When considering motivation as a whole and its role in achieving organizational goals, a mathematical equation serves to illustrate: P = A x M, where “P” represents performance, “A” ability, and “M” motivation. This equation definitively shows the relationship between ability and motivation in producing peak performance.6 As with any mathematical equation, reducing either variable decreases the total product. In this regard, administrators often cannot empirically increase an individual’s ability once in the organization. This leaves maximizing motivation as the single way leaders can help ensure superior performance and output.

Useful Model

With a clearer understanding established of the need to individually motivate several different subsects of employees, the author proposes the Nonmonetary Motivation and Retention Model (NMRM). This model offers a representation of the different needs an organization must meet to reach its maximum motivation and retention levels.

Nonmonetary Motivation and Retention Model

A pyramid graphic provided by the author representing the different needs of motivation and retention levels to include employee empowerment, fair recognition programs, sound recruiting and advancement practices, and positive organizational culture.

Positive Organizational Culture

The journey toward achieving optimal motivation and retention begins with fostering a positive organizational culture. Such a culture can be critical to keeping personnel productive and happy.7

Most employees have encountered unhappy situations in an organization. Perhaps they felt like an outsider, the target of criticism, or someone not valued. What would it have taken for them to stay there?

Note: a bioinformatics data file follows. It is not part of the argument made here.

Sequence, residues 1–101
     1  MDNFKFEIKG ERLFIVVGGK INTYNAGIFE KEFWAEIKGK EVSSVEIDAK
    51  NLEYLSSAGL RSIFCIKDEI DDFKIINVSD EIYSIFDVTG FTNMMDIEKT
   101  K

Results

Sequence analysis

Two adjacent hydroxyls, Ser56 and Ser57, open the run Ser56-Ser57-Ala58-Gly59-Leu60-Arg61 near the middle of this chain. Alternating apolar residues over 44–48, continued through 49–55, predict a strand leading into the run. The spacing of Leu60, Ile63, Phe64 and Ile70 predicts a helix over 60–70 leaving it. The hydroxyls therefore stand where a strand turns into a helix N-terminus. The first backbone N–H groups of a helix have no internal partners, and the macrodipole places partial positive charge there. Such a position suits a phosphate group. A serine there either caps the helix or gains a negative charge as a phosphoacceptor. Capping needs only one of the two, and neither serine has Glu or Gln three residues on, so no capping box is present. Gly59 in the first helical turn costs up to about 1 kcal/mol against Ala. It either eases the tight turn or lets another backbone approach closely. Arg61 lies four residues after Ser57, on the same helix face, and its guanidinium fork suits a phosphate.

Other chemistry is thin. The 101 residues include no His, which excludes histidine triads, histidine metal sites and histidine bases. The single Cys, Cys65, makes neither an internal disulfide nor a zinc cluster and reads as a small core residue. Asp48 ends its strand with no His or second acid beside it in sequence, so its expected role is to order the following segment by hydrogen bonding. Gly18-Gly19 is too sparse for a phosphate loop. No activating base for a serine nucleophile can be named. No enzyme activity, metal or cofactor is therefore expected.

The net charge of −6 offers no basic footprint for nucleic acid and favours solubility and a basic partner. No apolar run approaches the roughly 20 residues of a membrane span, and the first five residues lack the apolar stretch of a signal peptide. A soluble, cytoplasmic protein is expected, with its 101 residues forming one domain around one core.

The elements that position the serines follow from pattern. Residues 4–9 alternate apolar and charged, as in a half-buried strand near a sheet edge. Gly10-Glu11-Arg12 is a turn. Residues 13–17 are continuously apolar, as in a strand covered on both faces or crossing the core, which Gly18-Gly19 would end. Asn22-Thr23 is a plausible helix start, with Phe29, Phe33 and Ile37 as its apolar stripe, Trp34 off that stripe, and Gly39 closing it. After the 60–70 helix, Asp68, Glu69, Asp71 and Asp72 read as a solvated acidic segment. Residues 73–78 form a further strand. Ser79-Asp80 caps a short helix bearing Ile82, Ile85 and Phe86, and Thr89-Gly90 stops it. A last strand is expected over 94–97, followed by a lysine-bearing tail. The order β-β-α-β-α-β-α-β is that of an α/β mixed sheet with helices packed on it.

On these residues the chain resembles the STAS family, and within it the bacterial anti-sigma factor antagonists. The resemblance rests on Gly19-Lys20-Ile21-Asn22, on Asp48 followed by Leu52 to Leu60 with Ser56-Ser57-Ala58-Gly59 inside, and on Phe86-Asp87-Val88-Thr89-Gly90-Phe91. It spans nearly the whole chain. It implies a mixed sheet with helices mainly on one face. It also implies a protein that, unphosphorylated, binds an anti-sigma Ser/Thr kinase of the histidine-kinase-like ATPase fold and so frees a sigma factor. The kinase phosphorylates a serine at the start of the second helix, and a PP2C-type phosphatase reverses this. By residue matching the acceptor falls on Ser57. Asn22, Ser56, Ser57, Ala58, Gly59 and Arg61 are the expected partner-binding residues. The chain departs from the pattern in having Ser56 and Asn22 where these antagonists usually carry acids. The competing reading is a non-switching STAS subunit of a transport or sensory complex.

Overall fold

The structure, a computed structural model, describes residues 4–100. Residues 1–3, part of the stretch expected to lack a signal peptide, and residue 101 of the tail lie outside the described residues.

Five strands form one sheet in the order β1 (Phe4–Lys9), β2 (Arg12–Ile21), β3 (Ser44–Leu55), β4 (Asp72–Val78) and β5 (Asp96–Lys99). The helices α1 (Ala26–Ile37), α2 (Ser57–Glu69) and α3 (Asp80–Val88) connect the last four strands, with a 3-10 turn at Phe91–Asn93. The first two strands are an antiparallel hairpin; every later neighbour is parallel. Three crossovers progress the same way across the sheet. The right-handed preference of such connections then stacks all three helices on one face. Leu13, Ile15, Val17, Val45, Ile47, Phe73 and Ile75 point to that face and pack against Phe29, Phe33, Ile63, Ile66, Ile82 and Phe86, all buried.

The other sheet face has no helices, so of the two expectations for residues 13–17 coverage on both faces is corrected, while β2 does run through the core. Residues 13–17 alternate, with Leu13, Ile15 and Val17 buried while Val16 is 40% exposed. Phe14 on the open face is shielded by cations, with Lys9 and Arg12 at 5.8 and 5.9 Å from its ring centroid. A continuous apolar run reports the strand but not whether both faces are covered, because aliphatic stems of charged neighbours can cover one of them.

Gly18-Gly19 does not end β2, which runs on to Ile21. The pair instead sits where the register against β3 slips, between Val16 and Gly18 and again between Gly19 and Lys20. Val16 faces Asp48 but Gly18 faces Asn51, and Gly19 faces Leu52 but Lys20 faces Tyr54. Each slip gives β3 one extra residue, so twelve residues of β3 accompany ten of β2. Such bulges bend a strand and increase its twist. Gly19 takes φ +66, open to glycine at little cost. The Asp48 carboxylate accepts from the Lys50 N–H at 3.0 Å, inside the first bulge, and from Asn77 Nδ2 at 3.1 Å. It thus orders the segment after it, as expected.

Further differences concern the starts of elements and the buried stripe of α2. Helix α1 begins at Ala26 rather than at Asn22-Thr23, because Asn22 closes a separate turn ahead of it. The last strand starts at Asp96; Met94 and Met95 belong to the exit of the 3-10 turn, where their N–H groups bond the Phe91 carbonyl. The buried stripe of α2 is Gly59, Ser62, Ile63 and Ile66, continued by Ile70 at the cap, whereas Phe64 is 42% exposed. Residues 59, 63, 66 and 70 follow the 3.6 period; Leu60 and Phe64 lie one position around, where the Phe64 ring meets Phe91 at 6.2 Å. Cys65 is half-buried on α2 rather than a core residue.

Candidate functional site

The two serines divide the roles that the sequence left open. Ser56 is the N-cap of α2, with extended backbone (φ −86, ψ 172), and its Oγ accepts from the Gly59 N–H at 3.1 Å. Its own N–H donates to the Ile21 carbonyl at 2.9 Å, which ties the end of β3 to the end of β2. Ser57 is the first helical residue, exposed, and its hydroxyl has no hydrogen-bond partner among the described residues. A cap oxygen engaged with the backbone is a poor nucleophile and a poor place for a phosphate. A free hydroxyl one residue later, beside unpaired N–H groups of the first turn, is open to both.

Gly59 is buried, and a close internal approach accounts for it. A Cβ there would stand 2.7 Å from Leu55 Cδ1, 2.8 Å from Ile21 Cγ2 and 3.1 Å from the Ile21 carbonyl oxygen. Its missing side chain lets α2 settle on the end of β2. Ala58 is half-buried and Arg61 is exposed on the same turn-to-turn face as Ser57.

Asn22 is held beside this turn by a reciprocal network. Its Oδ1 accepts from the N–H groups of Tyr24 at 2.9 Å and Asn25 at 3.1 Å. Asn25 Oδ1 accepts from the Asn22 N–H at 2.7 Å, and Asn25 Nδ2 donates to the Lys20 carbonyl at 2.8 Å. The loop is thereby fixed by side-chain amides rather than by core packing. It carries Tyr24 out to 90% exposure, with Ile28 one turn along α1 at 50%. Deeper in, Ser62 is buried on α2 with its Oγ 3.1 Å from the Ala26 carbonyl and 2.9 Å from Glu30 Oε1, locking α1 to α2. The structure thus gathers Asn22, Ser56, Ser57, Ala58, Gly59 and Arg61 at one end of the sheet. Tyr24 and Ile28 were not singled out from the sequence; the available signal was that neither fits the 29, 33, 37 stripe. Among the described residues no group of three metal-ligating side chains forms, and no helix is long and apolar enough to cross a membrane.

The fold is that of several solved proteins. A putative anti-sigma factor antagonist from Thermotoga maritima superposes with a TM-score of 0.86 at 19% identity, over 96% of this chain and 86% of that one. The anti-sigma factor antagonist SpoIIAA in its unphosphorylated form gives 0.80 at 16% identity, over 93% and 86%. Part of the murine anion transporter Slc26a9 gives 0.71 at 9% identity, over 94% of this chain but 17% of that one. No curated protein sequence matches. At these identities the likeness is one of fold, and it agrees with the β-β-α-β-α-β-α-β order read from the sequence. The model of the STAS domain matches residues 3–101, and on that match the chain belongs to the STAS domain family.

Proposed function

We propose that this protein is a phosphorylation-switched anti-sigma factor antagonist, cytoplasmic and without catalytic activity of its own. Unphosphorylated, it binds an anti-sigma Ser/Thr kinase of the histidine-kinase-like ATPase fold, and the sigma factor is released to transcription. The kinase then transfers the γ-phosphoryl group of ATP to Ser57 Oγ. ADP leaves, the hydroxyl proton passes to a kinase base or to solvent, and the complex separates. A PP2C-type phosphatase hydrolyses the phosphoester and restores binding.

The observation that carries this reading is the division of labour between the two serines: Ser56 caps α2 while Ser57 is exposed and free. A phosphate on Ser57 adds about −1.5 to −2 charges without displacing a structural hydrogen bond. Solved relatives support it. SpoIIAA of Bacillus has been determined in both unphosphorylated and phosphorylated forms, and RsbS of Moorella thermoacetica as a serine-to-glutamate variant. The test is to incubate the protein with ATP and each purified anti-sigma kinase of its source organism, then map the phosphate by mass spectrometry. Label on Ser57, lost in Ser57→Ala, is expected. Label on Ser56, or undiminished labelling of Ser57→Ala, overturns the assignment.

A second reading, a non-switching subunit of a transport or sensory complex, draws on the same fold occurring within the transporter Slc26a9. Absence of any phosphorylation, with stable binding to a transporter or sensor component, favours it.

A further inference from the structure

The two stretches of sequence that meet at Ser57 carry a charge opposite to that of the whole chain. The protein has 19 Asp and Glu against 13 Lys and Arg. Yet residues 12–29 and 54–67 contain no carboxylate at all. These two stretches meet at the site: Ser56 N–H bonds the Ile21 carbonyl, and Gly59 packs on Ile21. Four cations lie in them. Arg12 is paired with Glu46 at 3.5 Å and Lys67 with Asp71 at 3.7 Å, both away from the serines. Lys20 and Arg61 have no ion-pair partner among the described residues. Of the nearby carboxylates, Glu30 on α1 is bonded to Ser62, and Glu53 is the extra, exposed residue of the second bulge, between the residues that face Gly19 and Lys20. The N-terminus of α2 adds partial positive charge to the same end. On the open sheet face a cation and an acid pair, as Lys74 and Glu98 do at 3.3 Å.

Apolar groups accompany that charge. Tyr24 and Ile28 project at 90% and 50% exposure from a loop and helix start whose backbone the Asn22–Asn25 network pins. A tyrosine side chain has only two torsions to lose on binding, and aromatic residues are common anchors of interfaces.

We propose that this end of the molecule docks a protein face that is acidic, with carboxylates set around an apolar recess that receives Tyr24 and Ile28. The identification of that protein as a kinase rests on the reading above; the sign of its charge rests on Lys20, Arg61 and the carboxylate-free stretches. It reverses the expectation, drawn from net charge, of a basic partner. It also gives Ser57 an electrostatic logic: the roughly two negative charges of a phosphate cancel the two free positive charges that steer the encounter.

If nothing short of money can make a person remain in an undesirable position, then leaders next need to examine if they are creating that problematic situation within the agency. They must evaluate several components when determining if their organization has a positive culture.8


Most complaints made against an officer or agency relate to attitude. The saying “It’s not what you say, it’s how you say it” holds importance here. To support a positive culture, organizations need to ensure that every interaction employees have among themselves and with members of the public is positive.

Of course, this is not always possible in law enforcement. Sometimes, officers must take an action that another will not like. But even then, skilled officers can leave the recipient with at least a feeling of understanding if they take time to explain the necessity of the unpleasant deed.


At professional sporting events, players must wear the same uniform. However, fans dress in the attire of their favorite sports team voluntarily. Doing so gives them a sense of belonging and allows them to show their support for and identify with something bigger than themselves. It creates a tacit link between the organization’s accomplishments and the individual.

Uniforms and other equipment that team organizations issue to their personnel serve as a statement of their unity and success as a group. If the members each wore something different, it could result in less cohesiveness.

The standards police agencies set for their employees regarding uniforms and equipment speak volumes about their culture also. Well-kept leather gear, sharp creases, and shiny brass all convey the notion that the organization demands exceptional quality. This appeals to many personality types inherently drawn to law enforcement employment. Further, projecting such a professional appearance to the public can bolster officers’ perceived external image, which serves as a factor in employee engagement.9


When surrounded by people who display poor conduct, employees lose their motivation. Proper demeanor proves crucial when promoting a positive culture. It provides the basis for everything agencies do and serves as the standard by which to measure employees. Even the most educated and trained organizations will fail if they do not conduct themselves properly.